Carlsberg and Schmalbach-Lubeca collaborated to develop a PET bottle solution for Carlsberg lager using superior PET compared to what was in restricted distribution at the time. The bottle is easy to open and fits the shelf-life criteria – both microbiologically and organoleptically – required to enter markets outside limited events.
The 500ml one-way plastic beer bottle weighs 29g and is produced by Schmalbach-Lubeca in its Manchester plant. Carlsberg again retains a high quality feel to the bottle by featuring a traditional metal crown cap rather than a plastic screw cap.
This version is not meant for retail distribution, unlike the monolayer PET beer bottle it succeeded. Instead, it is intended primarily for outdoor stadia and similar public venues where distribution is more carefully managed. Curiously, just a few days after the Sainsbury’s announcement, Carlsberg revealed a new three-year marketing deal with English football club Arsenal that will see its lager sold exclusively within the club’s Emirates Stadium on match days.
The new barrier bottle embodies the high quality to which Langen aspires. It provides a six-month shelf life at ambient temperatures, compared with just one month for the monolayer PET bottle. As with the Swedish issue, its design has a lower carbon footprint than glass. The main benefit for Carlsberg, however, lies in convenience and portability: the company is targeting outdoor summer occasions to drive impulse sales, while the contemporary design reinforces the premium positioning of the brand.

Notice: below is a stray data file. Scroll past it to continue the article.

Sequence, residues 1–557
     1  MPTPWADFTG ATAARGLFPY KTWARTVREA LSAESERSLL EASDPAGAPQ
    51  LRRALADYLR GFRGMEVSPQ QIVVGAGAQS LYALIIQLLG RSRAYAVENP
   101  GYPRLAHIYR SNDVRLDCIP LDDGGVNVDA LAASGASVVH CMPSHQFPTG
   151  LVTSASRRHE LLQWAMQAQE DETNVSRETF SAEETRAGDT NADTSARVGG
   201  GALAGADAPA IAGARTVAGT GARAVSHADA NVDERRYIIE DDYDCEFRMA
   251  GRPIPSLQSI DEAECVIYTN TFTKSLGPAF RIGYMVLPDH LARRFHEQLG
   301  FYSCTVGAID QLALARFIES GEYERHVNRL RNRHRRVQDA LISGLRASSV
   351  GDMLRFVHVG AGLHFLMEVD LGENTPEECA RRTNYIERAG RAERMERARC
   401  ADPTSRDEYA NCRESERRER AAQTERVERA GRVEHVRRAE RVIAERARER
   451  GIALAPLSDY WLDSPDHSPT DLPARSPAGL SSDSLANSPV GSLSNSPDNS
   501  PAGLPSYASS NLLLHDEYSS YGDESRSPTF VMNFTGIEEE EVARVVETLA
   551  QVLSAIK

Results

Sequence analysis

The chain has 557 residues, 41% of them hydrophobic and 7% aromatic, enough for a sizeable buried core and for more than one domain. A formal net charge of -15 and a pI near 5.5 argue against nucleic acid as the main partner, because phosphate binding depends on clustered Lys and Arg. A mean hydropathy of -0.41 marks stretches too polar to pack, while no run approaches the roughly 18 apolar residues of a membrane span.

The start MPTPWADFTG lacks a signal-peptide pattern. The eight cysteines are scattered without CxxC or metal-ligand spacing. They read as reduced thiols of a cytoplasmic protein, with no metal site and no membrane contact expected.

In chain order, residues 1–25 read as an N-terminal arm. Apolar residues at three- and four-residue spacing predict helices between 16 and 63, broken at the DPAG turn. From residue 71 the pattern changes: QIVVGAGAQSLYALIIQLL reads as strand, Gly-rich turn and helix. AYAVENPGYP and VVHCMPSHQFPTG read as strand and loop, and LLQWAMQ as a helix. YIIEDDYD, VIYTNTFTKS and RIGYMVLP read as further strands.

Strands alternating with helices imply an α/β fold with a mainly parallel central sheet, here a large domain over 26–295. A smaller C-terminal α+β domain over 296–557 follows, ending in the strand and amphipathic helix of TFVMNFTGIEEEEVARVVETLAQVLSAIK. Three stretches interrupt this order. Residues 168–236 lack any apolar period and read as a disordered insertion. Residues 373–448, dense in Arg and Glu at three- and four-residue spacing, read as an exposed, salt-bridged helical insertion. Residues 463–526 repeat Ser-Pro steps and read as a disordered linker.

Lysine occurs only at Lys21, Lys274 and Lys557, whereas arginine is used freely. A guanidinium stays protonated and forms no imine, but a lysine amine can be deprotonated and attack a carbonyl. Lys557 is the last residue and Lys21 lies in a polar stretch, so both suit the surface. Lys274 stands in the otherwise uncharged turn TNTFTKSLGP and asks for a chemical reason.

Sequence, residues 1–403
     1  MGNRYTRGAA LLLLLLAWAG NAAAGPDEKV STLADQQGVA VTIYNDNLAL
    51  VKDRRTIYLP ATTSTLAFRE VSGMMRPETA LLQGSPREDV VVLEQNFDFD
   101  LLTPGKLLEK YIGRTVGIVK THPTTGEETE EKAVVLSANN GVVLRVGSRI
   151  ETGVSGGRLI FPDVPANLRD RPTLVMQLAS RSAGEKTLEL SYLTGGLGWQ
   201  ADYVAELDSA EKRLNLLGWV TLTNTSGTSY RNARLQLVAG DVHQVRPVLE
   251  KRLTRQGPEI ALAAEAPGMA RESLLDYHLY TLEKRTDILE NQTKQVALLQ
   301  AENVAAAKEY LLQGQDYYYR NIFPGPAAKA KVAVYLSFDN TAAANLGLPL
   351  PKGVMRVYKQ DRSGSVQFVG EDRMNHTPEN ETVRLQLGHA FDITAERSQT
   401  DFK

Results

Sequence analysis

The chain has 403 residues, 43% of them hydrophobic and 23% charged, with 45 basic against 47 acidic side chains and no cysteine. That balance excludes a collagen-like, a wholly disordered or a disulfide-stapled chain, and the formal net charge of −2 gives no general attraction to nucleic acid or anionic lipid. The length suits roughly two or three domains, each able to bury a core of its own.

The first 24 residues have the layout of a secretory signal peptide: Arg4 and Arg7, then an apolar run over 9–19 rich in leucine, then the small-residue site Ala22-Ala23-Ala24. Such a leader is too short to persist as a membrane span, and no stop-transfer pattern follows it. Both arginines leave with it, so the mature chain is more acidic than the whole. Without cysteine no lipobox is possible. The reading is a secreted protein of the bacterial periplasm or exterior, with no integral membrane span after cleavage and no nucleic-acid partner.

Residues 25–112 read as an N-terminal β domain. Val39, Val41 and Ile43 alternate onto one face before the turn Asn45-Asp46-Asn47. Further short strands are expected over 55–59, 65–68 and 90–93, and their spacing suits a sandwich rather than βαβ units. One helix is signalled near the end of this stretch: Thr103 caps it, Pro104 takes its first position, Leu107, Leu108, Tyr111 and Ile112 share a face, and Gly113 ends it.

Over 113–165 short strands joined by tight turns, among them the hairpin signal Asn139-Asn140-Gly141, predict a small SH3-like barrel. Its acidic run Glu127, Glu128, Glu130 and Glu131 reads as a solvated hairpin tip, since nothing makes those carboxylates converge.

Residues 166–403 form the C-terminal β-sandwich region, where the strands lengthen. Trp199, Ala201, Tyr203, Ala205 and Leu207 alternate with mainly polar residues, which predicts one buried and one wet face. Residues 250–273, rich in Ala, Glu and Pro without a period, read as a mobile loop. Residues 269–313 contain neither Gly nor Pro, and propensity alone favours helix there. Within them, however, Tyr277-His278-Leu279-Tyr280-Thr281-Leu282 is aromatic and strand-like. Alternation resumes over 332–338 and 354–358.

According to Carlsberg, there is huge untapped potential in chilled beer. Consumer research showed that an in-store chiller is likely to attract four times the footfall of an ambient fixture in a convenience store or supermarket.
Although Carlsberg is clearly making plans around PET, the company’s commitment recently encountered a potential setback. In May this year, a bill was introduced that includes a motion to ban sales of PET beer bottles in the Russian Federation by 2013.
The head of Carlsberg, Jørgen Buhl Rasmussen, downplayed this development, however, believing that such a law is highly unlikely to be brought into force in the rapidly developing eastern market where Carlsberg already enjoys a commanding presence.
Even if it is implemented, Rasmussen does not think a ban would have a particularly detrimental effect on Carlsberg’s fortunes. He claims that although Russia is important for Carlsberg (according to 2011’s first-quarter figures, like-for-like Eastern European sales, which include the Russian numbers, were up 28%) PET-packed beer only accounts for a small percentage of the company’s profits in the country.
He even suggested that there could be a positive impact: "Consumers would start drinking from a different packaging type, such as cans or glass bottles, which would be positive in terms of premiumisation."
Langen seems ready to adapt to changes in demand, in any case, as he cites a "strong history of innovation and growth potential" as factors that keep him motivated in his globe-trotting role at Carlsberg.
"Above all, though," he explains, "it is the sheer scale of the enterprise, and being able to contribute and steer the company ethos in a sustainable direction, which inspire me now. This may have started in Denmark, but we have extended it to the Nordics and we fully intend to take it further – to the world."
This article was first published in our sister publication Packaging & Converting Intelligence.